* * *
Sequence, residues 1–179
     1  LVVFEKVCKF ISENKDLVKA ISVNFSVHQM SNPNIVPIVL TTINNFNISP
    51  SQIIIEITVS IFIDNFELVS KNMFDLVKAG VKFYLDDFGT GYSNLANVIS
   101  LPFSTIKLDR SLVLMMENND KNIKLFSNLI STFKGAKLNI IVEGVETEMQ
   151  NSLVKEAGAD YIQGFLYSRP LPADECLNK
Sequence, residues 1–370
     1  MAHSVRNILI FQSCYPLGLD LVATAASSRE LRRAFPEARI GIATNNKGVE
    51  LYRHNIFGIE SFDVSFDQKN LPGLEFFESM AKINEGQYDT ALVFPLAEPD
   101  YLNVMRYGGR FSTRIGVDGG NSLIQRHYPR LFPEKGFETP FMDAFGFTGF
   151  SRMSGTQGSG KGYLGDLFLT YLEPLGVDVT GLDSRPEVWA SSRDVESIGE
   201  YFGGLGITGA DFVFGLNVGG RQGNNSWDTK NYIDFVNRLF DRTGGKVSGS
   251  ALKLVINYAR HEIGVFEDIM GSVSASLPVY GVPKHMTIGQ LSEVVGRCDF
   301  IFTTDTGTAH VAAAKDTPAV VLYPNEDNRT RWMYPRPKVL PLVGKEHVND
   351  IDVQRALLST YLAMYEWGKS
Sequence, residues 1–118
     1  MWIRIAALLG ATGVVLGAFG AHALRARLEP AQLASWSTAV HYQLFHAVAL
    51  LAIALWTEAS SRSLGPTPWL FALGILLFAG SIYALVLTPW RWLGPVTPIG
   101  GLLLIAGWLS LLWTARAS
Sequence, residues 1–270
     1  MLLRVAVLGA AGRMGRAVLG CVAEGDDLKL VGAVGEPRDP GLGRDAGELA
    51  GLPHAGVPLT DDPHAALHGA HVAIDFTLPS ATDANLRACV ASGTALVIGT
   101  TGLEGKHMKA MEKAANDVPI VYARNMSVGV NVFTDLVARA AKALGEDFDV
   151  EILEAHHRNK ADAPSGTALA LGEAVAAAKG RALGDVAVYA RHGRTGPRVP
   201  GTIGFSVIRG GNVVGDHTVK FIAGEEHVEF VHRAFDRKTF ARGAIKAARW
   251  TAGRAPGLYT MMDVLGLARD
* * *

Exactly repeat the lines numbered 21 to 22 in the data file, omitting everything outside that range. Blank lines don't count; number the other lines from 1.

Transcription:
    51  GLPHAGVPLT DDPHAALHGA HVAIDFTLPS ATDANLRACV ASGTALVIGT
   101  TGLEGKHMKA MEKAANDVPI VYARNMSVGV NVFTDLVARA AKALGEDFDV